As we approach this part of the season we are closer to the national meet than we are to our summer miles, a lot of work is done, lots is left to be done. This race was to serve as a dress rehearsal on the course that NCAA’s will be held on in a little over one month. Approaching this race was about setting some sort of routine that can set up a successful NCAA meet.
As we arrived in Madison it wasn’t necessarily about making Pre-Nats like NCAA’s but setting the groundwork for NCAA’s to be like Pre-Nats. If we come in, take care of business, we have a game plan that should be relatively similar to the “real” big dance. This approach was one that should be encompassed in all-things, last year we were so successful at the pre-national meet and then we went to nationals and forgot to have the same simple approach at nationals. This year is different in that we intend to duplicate our race routine here, at the national meet in November to supply structure and familiarity to nationals. We know that doing the same thing over and over again and expecting different results would be insane, so we are focused on small changes that can lead to sustained excellence.
We aren’t clueless, we are aware of the striking similarities from this year to last... for example the “BYU vs. NAU” hype. Last year we were naive, we thought we were flat out better than NAU and that was something that we would prove at nationals. If you’re reading this then chances are you know how that mentality treated us, NAU came out and kicked our asses; pardon my language. Fool me once, shame on you, fool me twice... can’t get fooled again! I’m not saying we are going to beat NAU, in fact I’m in a way sort of saying the opposite. We want to win, it is our deepest desire. However cliche it may sound, it is what gets us up and out of bed every morning, it is the elephant in the room at all times. The difference here from this year to last is that we aren’t wasting energy on the outcome, they are damn good!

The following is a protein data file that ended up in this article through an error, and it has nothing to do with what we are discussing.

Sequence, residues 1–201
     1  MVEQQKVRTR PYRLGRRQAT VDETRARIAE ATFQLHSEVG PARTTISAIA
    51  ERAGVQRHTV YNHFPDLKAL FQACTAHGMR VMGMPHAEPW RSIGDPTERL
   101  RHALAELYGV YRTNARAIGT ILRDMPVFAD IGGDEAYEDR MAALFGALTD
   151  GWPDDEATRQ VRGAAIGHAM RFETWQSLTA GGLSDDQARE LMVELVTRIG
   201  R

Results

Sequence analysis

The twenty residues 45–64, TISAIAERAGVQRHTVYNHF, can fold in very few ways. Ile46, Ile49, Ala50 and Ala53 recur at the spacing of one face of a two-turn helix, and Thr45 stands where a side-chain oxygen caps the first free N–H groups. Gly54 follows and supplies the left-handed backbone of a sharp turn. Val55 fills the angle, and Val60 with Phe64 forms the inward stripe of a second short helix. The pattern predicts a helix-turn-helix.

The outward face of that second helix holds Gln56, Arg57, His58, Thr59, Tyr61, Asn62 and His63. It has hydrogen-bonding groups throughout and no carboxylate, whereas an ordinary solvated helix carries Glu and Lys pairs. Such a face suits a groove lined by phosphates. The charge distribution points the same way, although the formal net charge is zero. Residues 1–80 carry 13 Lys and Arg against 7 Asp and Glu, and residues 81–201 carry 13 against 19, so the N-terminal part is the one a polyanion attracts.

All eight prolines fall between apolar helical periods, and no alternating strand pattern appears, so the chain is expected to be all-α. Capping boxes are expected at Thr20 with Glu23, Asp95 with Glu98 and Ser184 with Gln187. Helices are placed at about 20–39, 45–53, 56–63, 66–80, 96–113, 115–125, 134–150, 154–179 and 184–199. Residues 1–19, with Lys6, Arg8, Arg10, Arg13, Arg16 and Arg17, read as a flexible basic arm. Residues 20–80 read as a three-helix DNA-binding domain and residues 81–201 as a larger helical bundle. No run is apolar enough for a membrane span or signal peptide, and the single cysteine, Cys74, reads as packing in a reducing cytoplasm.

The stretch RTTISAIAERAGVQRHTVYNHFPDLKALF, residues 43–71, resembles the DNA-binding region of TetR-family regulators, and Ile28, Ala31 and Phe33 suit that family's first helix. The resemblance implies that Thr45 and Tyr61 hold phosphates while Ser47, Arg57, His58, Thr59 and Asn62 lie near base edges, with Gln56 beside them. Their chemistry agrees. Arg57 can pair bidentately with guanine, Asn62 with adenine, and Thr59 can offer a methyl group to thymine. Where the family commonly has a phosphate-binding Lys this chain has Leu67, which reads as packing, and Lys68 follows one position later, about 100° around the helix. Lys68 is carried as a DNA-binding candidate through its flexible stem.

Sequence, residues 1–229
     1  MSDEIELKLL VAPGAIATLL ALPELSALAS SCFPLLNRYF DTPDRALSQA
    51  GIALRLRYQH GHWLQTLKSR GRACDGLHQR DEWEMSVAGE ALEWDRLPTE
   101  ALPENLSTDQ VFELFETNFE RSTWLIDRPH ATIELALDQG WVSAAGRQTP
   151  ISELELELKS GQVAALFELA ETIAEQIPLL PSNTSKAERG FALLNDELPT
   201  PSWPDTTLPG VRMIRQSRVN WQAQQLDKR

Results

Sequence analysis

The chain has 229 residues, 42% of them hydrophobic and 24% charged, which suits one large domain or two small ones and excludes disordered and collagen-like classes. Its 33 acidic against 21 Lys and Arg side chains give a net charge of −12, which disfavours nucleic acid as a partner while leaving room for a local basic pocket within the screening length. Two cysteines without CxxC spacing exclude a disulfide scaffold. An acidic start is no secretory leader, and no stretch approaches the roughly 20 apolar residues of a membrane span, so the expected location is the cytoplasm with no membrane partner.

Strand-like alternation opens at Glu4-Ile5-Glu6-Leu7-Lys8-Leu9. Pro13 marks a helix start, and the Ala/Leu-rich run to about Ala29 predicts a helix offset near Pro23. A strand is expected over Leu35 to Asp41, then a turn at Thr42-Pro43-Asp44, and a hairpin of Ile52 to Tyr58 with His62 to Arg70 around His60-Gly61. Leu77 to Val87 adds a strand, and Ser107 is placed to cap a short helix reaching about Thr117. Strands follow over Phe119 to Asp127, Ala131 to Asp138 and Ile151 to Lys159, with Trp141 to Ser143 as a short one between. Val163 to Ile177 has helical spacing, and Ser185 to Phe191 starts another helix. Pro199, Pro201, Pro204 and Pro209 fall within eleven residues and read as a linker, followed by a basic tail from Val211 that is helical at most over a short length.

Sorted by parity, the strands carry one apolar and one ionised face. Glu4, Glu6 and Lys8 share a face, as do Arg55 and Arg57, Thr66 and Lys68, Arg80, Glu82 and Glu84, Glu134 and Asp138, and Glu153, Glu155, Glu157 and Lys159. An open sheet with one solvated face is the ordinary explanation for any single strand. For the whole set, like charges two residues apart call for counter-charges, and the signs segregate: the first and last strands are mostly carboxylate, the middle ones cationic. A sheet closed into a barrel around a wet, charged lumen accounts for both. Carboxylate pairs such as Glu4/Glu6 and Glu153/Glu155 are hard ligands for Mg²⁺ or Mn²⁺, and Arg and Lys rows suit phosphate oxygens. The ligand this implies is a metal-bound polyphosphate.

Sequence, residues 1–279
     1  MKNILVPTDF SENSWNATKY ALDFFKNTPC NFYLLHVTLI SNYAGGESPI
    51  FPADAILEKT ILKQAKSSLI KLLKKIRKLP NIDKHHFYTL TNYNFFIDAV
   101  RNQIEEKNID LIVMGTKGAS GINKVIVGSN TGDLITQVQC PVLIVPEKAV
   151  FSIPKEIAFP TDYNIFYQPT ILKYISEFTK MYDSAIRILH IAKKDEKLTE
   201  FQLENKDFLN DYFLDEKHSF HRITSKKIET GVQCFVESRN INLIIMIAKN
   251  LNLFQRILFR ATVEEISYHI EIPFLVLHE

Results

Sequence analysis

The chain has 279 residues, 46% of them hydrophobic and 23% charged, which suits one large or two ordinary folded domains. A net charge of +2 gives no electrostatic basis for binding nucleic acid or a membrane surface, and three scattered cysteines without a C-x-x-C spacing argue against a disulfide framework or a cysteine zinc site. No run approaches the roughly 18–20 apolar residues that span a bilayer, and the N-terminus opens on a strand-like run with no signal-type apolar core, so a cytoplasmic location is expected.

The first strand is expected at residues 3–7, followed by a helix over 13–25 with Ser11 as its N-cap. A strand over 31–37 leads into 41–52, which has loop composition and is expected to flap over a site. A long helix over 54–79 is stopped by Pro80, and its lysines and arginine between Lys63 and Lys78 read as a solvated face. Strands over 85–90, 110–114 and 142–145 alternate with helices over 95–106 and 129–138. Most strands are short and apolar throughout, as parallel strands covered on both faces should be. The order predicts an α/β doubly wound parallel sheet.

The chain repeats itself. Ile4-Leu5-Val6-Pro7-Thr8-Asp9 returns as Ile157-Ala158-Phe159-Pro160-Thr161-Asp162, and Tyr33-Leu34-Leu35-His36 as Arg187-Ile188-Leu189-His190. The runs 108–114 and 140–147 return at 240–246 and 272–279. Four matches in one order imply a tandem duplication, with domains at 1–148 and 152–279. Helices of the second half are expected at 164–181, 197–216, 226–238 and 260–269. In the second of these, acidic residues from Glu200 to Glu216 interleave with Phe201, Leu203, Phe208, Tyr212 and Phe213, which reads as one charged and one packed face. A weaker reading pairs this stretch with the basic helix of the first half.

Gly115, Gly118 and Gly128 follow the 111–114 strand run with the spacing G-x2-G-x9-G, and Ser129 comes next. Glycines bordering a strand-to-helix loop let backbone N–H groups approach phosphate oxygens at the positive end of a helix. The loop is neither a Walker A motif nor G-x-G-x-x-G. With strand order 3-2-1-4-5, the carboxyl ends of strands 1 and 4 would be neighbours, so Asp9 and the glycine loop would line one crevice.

Race day was calm and crisp, the guys had a lightness to them. The weather in Wisconsin was chilly but probably nothing compared to what it will be in the middle of November. I was dressed for the colder weather, arm sleeves, gloves, and a headband to simulate what I will most likely need to wear at nationals. I was ready to race! As the gun was raised and we toed the line a prayer echoed in my head, “God give me the serenity to accept what I cannot change, courage to change what I can, and wisdom to know the difference”. This prayer is famous for its use in the Alcohol Anonymous book, but I find the mantra to be a soothing thought going into a race, we have so many variables out of our control, but by optimizing what we can control we increase our chance of a desired outcome. I also consider running to have a strong faith component, there are a lot of unknowns.